Discussing these transformations through the guest editor, therefore, provides us with a burning glass which lays bare some of the mechanisms that stay invisible at the level of phenomena themselves. The figurative rise is a crystallization of cultural settings in this sense. Moreover, we do not claim to excavate a truth of historical developments. Much rather, we treat guest editorship and traditional editorship as two conceptual polar opposites, with concrete examples of publishing practices most likely falling somewhere in between. We use our focus on this crystallization to generate a number of hypotheses about current and future developments of scholarly publishing so that it may trigger further research in this direction. This perspective article may serve as a starting point for further research and debate. We proceed as follows: firstly, we highlight characteristics of a traditional mode of editorship. Secondly, we contrast this traditionalist subject with the contemporary guest editor. Thirdly, we connect these new characteristics to wider developments of publishing platforms.
Curation and Community: The Traditional Mode of Editorship
Editorship in scholarly publishing means to make texts appear and thus to place content as well as authors in a context. Editorship is not primarily a work on text, but on context. The fact that a collection of texts is edited usually implies that this compilation was undertaken consciously, thoughtfully, and purposefully; i.e. it is not arbitrary. Therefore, editorship is usually accompanied by the claim that assembled textual contents can be related to one another in some meaningful, structured, and comprehensible way. It involves curatorial practices that require systematization, selection, and bundling (Lindsey, 1976; Bell and Bridgman, 2019). Consequently, editorship goes hand in hand with the identification of topics, the delimitation of subject areas, the structured preparation of commonalities and differences in research approaches, as well as with the presentation of homogeneous or heterogeneous positioning in discourse. Three aspects stand out when the role of the editor is to be defined:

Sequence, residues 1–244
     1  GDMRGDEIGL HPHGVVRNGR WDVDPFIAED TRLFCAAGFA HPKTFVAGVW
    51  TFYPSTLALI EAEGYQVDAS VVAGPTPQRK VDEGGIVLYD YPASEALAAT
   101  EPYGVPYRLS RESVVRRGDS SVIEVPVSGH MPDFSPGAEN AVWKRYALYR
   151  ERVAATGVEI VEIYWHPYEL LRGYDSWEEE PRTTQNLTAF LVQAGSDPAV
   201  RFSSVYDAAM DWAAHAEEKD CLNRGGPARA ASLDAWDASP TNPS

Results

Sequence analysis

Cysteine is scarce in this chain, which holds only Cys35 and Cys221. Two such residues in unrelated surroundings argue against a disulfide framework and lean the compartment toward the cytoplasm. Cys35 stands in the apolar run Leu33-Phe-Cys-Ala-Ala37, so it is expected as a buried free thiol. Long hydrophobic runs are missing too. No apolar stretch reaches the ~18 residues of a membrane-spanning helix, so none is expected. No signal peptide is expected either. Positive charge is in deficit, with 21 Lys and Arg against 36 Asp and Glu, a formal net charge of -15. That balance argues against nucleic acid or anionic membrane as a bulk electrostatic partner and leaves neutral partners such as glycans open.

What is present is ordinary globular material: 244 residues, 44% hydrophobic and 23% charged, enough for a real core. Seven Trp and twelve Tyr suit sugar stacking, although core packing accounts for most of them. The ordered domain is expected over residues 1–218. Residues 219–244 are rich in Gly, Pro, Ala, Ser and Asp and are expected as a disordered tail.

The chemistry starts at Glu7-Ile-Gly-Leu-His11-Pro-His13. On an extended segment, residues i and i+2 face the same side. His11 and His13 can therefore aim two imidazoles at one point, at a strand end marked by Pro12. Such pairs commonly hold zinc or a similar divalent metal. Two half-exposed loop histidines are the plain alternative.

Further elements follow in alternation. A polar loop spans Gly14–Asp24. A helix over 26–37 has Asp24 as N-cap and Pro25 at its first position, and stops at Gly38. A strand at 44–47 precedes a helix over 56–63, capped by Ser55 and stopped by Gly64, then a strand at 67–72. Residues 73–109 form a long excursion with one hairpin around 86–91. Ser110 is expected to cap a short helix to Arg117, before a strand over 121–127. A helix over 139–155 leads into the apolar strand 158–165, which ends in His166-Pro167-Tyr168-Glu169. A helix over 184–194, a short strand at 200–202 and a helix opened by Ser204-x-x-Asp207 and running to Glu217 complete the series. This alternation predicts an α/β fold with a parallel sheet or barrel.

Firstly, the journal's name and published content and the names of the editors who select the content to be published are mutually dependent. This extends historically as well as functionally, for instance, to the recruitment of subsequent editors. Social validity and networks are key factors in editorial board member recruitment (Miniaci and Pezzoni, 2020). Editorial boards tie names from a field to a journal and at the same time the name of the journal is linked to the positions of the editors in the field. The gatekeeping role of the editor thus is not limited to a selection of content, but also includes a selection of people who can associate themselves with a given journal, a fact that is often critically highlighted with regard to unequal representation within academia (e.g. Goyanes, 2019; Albuquerque et al., 2020). The founding of a journal is a special case for a limited period of time, in which the overlap between journal profile and editor/founder profiles is particularly large.
Secondly, based on the intersection of the profiles of journal and editors, the journal's brand is shaped by its editorship. This applies even more insofar as the contouring and topic setting of the journal by means of its editors also appeals to a group of scholars, that is the community. This community serves equally as an audience in the sense of readership, which constitutes the potential pool of reviewers to recruit as well as future authors to attract. Editorship can, thus, establish a mode of visibility, which contributes to the forming, strengthening, or establishment of a community (See examples such as Science & Technology Studies, or Valuation Studies: Kjellberg and Mallard, 2013). Consequently, the connection of journals to a community of scholars is a defining feature of scientific disciplines (Stichweh, 1992).